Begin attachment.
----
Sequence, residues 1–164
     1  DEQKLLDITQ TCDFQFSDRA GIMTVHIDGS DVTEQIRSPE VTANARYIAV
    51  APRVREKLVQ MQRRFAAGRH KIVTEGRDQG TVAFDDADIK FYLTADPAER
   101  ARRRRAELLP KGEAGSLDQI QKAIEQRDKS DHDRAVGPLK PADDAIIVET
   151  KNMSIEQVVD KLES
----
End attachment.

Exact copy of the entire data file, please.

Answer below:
Sequence, residues 1–164
     1  DEQKLLDITQ TCDFQFSDRA GIMTVHIDGS DVTEQIRSPE VTANARYIAV
    51  APRVREKLVQ MQRRFAAGRH KIVTEGRDQG TVAFDDADIK FYLTADPAER
   101  ARRRRAELLP KGEAGSLDQI QKAIEQRDKS DHDRAVGPLK PADDAIIVET
   151  KNMSIEQVVD KLES